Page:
War crimes and possible crimes against humanity were committed during the battle for Syria's opposition-held Idlib province, a UN investigation said on Tuesday.
The Independent International Commission of Inquiry on Syria said people endured "unfathomable suffering" during the campaign launched in late 2019 by pro-regime forces to retake the last remaining areas in the country held by armed groups.
"Children were shelled at school, parents were shelled at the market, patients were shelled at the hospital, and entire families were bombarded even while fleeing," said commission chair Paulo Pinheiro.
Syrian President Bashar al-Assad's regime, supported by Russia, in December relaunched its offensive against the northwestern region, which is dominated by the Hayat Tahrir al-Sham (HTS) jihadist group.
A precarious truce brokered by Russia and rebel-backer Turkey came into force in early March.
The offensive left one million people displaced and more than 500 civilians dead, according to the United Nations.
The 29-page commission report covers the period from November 1 to June 1.
It documents 52 attacks -- by all parties -- that led to civilian casualties or damage to civilian infrastructure.
They included 17 attacks affecting hospitals and medical facilities, 14 involving schools, nine on markets, and 12 others on homes.
These attacks were "marked by war crimes", the report said.
"They foreseeably led to massive displacement, as civilians had no choice but to flee, and may amount to crimes against humanity," the report said.
The report accused both government forces and HTS of pillaging and other war crimes.
- 'Completely abhorrent' -
Hanny Megally, one of the three people on the commission, said war crimes were likely to have been committed by both the Syrian and Russian air forces.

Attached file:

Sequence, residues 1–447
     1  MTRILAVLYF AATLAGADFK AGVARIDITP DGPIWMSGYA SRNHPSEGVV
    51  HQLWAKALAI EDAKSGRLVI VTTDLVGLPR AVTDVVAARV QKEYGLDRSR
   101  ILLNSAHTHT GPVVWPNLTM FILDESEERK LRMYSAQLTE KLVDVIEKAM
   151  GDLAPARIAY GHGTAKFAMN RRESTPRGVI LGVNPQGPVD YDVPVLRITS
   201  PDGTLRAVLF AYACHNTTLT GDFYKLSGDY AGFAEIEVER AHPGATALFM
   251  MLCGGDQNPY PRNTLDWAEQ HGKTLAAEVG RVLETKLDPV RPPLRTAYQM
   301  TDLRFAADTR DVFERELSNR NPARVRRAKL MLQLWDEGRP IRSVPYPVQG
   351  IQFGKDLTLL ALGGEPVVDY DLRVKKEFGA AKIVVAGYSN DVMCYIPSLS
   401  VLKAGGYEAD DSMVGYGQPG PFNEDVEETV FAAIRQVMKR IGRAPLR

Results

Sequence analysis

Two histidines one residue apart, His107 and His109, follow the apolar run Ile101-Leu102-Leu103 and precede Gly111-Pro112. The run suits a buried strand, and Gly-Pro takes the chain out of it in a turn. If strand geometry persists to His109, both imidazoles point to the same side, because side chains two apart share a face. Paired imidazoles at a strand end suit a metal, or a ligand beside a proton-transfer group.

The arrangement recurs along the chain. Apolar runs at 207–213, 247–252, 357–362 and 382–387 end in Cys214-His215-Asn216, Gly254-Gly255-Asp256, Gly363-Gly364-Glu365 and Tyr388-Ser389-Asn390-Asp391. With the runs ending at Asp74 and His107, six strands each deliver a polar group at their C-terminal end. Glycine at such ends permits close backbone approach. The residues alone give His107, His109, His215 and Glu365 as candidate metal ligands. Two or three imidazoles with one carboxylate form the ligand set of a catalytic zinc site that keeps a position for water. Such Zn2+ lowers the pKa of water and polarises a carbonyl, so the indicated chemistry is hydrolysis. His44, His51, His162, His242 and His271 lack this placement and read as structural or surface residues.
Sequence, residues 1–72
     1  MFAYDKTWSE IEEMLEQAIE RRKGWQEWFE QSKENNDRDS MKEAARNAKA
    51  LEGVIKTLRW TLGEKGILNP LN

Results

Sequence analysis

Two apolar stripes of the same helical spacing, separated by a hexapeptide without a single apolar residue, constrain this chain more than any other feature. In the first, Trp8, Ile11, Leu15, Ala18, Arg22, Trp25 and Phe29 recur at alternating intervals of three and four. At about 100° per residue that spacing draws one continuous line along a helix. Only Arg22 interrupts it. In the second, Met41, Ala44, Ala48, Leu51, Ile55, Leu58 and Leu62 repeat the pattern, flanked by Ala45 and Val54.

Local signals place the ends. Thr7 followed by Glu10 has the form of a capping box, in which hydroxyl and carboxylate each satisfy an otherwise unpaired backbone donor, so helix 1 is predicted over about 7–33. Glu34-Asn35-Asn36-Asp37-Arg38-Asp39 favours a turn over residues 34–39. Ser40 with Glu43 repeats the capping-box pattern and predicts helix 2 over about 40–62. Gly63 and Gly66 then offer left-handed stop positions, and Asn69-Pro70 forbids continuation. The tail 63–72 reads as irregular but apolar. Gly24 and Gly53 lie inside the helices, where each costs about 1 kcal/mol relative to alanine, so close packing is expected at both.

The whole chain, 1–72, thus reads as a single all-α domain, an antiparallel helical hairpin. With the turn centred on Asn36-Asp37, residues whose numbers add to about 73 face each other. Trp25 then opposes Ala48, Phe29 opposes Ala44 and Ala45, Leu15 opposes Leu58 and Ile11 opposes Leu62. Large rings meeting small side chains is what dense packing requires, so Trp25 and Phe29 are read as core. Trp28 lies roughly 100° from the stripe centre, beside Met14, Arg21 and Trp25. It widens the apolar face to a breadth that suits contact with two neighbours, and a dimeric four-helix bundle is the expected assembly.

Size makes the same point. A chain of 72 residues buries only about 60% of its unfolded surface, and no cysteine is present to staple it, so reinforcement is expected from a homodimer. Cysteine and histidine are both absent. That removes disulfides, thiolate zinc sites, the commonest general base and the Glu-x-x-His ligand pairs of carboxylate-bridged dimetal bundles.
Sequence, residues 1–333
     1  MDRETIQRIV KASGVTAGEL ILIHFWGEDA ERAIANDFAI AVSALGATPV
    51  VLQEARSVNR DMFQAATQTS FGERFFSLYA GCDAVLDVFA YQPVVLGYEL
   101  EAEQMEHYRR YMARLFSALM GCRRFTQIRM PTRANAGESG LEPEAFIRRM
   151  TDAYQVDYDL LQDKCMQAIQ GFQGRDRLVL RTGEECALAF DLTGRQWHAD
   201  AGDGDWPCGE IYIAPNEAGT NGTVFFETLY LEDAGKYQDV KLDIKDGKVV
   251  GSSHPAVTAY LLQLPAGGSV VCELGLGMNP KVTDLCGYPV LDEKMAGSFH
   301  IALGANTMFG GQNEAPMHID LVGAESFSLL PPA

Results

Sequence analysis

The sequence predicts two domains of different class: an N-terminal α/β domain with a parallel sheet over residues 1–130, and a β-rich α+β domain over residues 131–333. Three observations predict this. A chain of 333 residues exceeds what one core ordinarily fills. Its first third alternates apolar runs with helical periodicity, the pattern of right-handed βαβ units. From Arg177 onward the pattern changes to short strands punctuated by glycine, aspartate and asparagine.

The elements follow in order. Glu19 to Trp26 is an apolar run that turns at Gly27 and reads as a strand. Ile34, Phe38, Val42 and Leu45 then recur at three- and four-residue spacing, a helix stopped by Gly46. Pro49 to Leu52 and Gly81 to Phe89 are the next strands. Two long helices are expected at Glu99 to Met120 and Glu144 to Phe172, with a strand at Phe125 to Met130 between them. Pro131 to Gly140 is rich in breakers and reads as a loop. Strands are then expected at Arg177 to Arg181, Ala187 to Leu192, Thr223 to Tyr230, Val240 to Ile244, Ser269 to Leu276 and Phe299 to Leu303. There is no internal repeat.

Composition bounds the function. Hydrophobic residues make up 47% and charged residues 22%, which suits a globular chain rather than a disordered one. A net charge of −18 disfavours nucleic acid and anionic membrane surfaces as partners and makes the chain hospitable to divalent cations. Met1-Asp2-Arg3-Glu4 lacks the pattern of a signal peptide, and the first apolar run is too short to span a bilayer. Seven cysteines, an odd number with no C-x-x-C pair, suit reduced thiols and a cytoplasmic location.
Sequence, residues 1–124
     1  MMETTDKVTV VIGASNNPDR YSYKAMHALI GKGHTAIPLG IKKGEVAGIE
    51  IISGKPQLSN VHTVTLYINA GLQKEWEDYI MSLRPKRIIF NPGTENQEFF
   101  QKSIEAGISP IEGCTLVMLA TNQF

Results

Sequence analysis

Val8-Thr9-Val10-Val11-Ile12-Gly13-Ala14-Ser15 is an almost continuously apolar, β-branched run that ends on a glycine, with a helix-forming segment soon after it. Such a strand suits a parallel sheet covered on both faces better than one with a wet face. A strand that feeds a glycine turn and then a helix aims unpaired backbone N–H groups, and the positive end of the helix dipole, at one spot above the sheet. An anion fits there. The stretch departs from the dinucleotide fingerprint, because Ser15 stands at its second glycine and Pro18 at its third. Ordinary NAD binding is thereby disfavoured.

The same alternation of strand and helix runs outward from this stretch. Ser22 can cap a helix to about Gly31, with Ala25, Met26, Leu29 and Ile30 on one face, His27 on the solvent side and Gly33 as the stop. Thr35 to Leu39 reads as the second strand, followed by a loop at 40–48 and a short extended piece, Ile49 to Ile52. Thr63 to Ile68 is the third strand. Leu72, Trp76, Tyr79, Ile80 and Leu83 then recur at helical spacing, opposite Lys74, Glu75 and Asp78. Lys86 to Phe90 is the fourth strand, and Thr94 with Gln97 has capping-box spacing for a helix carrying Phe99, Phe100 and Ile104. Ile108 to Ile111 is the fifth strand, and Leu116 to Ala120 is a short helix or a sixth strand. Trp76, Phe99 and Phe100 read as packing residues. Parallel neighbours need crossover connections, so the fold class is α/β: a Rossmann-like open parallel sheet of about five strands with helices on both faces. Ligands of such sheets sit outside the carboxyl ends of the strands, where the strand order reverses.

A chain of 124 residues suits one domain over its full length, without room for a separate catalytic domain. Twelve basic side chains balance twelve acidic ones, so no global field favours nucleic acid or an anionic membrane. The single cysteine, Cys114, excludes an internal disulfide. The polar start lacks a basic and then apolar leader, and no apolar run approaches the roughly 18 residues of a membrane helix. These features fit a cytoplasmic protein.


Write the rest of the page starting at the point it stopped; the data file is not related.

"We document two incidents where we think it was Russian aeroplanes that conducted those attacks," he told a virtual press conference.
Pinheiro said there was no explanation as to why such predictable levels of suffering were permitted to proceed.
"It is completely abhorrent that, after more than nine years, civilians continue to be indiscriminately attacked, or even targeted, while going about their daily lives," he said.
"Pro-government forces and UN-designated terrorists flagrantly violated the laws of war and the rights of Syrian civilians."
The Brazilian legal scholar told the press conference he feared having to return in future to report that "this bloodshed continues to go unchecked".
The commission urged all parties to the conflict in Syria to cease attacks on civilians, and also urged countries to pursue accountability for the documented crimes.
The report is due to be presented at the Human Rights Council on July 14-15.
The war in Syria has killed more than 380,000 people and displaced nearly half of the country's pre-war population since it started in 2011.
Syrian President Bashar al-Assad's (L, pictured December 2017 with Russian President Vladimir Putin, C) regime, supported by Moscow, in December 2019 relaunched its offensive against the northwestern region